Friday, May 17, 2013

Evan S. Connell: "This over here is a two-thousand-year-old tortilla maker"

Last January, Harper's asked me to eulogize the late novelist and essayist Evan S. Connell (1924–2013):
Last Thursday — January 10, 2013 — news came that one of the most singular careers in American letters had reached its last full stop. Evan S. Connell was found in his Santa Fe apartment, dead at the age of 88. He died alone, attended, one presumes, by the “cracked Old Mexican pots and mutilated statuettes” he collected — which is also how he lived and how he wrote: apart from his contemporaries, in the company of antiquities, as if he did not entirely belong to his time.
He twice traveled solo around the globe. In his writing, he roamed across continents but also across centuries. Time — its obliterating passage — was his great subject. It’s there at the very beginning, in the title story of the first book, The Anatomy Lesson and Other Stories, published in 1957, when Connell was thirty-three. The art professor who delivers the eponymous anatomy lesson shows his students a Rembrandt portrait of a young woman: “He told them that some afternoon they would glance up by chance and see her; then they would know the meaning of Time — what it could destroy, what it could not.” We hear that note again in Connell’s debut novel, Mrs. Bridge,published in 1959In chapter forty-nine, titled “The Clock,” the novel’s heroine seeks refuge in a stasis she mistakes for permanence: “Time did not move. The home, the city, the nation, life itself was eternal; still she had a foreboding that one day, without warning and without pity, all the dear, important things would be destroyed.” . . .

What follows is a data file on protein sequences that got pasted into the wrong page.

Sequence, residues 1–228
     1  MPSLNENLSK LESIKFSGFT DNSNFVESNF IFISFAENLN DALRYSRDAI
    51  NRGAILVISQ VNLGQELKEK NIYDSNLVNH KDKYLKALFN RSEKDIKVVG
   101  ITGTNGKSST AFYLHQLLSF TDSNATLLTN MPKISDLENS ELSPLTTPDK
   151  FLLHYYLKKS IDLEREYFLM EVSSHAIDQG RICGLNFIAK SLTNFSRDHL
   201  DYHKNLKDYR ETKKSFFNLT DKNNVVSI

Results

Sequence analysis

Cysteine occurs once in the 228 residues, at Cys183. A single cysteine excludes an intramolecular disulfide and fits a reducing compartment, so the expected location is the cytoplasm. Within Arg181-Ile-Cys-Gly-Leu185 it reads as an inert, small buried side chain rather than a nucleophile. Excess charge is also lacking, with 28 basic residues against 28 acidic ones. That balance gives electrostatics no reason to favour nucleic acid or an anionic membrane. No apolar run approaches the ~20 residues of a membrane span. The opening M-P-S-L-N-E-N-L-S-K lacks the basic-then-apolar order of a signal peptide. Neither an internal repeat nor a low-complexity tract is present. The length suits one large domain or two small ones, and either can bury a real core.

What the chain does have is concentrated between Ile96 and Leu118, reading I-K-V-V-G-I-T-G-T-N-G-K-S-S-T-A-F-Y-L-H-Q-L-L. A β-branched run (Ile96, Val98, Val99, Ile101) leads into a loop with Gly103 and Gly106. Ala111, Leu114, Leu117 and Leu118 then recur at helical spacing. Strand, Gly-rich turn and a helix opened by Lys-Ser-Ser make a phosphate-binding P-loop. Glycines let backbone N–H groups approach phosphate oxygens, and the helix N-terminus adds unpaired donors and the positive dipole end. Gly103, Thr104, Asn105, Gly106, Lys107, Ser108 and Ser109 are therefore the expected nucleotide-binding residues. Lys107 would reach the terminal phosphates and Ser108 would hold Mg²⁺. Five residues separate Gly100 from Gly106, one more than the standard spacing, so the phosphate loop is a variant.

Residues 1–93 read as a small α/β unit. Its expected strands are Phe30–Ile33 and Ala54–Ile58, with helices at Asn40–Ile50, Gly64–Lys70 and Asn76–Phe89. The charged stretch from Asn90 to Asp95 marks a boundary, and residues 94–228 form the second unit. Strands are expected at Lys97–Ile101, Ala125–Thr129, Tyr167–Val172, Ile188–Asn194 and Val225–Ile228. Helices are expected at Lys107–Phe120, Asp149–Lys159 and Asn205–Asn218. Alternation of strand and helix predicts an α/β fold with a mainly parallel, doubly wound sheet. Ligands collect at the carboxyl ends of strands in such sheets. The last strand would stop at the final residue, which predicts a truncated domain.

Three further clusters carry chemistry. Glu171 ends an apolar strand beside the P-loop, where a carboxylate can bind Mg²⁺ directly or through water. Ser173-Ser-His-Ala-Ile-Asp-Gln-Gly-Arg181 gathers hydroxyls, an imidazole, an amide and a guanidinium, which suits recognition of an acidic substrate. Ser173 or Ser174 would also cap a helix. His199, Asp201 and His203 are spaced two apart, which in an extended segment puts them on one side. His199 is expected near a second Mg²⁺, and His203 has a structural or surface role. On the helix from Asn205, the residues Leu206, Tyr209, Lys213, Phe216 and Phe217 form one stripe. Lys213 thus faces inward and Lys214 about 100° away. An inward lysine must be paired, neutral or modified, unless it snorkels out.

[The rest of the eulogy here]

Meanwhile, over at The Paris Review, Gemma Sieff, who used to edit the book reviews at Harper's, published a commemoration of her own and a sneak preview of her Paris Review interview with Connell, long in the making. The full interview, I understand, will be published this summer. One typically delightful exchange:
[Sieff:] Mr. Bridge copies out a love letter by Nathaniel Hawthorne: “Thou only hast revealed me to myself; for without thy aid, my best knowledge of myself, would have been merely to know my own shadow—to watch it flickering on the wall, and mistake its fantasies for my own real actions.” In your poem Notes from a Bottle Found at the Beach in Carmel, you write almost the opposite: “Come with me or stay. I am full of dreams and charged with strange excitement. Although I am not at ease in this world, there is no one who can stop me.”
[Connell:] This over here is a two-thousand-year-old tortilla maker.
The rest of the sneak preview is here